The two general types of benefits (special and general) may be classified in three classes: those which affect the entire community, those which accrue to a definite neighborhood, and those which affect peculiarly a tract of land, part of which is taken for construction of the public improvement. Five rules for measuring compensation are listed, and items of special and general benefits are noted. Proof of benefits and evidentiary matters are outlined, and the generally accepted approaches to value as used in valuing remainders is discussed as a guide to the preparation and presentation of valuation evidence. It is noted that if the attorney for the condemnor finds upon cursory analysis of the benefits law a number of obstacles in his path, the possibility of alternative routes should be explored. Directions in plotting the correct course can often be found in the decisions which seem to present the greatest obstacles. It is also noted that the liberal principles espoused in the probability of rezoning cases are particularly applicable when arguing for the introduction of evidence to prove the value of the remainder. Some of the rules of law which should be used and followed when preparing benefit instructions (one of the most important facets of the condemnation trial) are pointed out, and some specific instructions are discussed. Other applications of benefits findings discussed here include: loss of access as related to issue of benefits; cost of construction of portion of public improvement; evidence of benefits; joint-venture between two government agencies; benefits to other tracts or parcels; and benefits derived from previous or subsequent improvements.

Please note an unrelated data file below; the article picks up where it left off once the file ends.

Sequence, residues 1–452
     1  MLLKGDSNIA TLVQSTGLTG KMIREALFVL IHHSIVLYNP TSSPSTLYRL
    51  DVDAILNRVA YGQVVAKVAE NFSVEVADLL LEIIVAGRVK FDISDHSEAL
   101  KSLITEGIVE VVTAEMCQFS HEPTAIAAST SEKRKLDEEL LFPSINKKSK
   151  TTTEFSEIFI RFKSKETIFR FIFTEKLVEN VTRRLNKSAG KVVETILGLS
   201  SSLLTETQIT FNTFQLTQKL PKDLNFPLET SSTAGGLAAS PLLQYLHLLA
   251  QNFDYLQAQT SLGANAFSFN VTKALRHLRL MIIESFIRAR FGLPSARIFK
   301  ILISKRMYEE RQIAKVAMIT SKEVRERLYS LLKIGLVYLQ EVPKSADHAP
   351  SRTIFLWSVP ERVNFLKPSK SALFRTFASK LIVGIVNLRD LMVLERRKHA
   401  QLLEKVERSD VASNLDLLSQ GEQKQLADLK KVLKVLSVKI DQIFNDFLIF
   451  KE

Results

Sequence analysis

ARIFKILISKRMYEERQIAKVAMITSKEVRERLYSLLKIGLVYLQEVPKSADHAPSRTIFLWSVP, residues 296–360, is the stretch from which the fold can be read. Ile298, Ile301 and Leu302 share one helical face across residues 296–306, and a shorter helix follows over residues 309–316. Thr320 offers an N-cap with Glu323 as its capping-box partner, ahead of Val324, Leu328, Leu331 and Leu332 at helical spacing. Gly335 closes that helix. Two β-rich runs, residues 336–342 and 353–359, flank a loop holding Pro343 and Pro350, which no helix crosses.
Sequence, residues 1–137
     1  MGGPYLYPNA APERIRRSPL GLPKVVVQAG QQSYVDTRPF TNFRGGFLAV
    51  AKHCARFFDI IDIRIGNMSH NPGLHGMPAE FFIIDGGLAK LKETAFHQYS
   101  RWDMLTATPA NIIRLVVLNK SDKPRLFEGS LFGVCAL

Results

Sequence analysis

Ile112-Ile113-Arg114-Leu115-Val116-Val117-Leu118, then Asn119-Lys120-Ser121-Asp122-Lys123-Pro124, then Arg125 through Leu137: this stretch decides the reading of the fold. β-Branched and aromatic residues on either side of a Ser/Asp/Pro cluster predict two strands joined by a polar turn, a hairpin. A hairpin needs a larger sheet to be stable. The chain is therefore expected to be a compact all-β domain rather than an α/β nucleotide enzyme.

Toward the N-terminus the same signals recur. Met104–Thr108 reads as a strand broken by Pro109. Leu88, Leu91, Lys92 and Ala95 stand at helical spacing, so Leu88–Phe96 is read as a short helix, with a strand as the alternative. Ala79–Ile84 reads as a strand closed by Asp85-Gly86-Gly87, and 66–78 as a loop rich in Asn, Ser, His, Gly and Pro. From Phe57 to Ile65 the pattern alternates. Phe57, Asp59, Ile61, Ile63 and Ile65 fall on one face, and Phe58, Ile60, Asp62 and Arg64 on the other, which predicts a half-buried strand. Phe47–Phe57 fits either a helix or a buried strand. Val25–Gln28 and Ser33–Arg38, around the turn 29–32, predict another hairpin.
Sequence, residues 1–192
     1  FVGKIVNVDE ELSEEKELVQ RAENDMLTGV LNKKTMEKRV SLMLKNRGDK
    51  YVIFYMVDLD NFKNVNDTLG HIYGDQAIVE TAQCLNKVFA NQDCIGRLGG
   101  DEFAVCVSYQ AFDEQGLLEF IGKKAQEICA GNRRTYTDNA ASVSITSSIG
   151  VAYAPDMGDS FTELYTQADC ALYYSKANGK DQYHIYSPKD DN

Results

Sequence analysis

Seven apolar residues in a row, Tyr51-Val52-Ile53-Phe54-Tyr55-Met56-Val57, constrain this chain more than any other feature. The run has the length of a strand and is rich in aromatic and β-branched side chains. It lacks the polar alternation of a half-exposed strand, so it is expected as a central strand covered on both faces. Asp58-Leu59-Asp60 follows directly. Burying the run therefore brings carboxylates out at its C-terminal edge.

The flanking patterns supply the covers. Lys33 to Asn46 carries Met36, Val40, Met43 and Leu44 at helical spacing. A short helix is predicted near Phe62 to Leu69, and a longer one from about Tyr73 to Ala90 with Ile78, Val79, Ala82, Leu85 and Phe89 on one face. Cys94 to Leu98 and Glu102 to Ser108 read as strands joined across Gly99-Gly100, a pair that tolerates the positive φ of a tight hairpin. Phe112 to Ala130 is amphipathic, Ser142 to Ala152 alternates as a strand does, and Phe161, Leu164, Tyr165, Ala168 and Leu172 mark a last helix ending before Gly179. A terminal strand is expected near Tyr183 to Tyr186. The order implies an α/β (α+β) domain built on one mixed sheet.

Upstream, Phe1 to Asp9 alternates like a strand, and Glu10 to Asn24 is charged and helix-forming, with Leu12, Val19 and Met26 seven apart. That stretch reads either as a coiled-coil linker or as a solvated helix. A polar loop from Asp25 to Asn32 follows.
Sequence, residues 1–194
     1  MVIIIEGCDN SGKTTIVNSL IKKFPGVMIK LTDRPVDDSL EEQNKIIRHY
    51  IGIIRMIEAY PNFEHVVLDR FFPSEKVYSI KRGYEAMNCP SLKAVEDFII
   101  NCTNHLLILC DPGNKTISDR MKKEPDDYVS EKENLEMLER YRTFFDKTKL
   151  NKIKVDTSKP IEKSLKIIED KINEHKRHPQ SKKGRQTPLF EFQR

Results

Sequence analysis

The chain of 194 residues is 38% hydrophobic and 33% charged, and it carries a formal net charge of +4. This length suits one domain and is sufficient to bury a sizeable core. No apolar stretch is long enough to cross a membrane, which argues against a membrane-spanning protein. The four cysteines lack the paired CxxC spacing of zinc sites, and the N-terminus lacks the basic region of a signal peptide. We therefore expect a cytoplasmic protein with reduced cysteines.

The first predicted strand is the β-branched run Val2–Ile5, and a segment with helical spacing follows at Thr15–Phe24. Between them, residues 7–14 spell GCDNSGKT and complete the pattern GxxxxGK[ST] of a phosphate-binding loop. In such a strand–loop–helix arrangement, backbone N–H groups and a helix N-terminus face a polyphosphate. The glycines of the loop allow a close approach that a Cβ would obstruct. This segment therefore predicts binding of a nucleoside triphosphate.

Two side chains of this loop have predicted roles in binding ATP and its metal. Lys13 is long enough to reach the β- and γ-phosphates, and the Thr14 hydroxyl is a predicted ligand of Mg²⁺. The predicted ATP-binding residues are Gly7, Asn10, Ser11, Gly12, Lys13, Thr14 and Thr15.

• English

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Filing Info

  • Accession Number: 00148916
  • Record Type: Publication
  • Files: TRIS, TRB
  • Created Date: Aug 28 1998 12:00AM